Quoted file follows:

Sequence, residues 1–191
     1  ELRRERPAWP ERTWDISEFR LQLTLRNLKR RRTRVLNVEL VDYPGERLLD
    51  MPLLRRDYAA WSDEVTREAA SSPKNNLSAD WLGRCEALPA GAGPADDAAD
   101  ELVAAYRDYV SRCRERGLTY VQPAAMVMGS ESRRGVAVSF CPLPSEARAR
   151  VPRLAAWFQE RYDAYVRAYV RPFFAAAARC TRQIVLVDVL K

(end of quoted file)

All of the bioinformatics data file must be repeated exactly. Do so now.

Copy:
Sequence, residues 1–191
     1  ELRRERPAWP ERTWDISEFR LQLTLRNLKR RRTRVLNVEL VDYPGERLLD
    51  MPLLRRDYAA WSDEVTREAA SSPKNNLSAD WLGRCEALPA GAGPADDAAD
   101  ELVAAYRDYV SRCRERGLTY VQPAAMVMGS ESRRGVAVSF CPLPSEARAR
   151  VPRLAAWFQE RYDAYVRAYV RPFFAAAARC TRQIVLVDVL K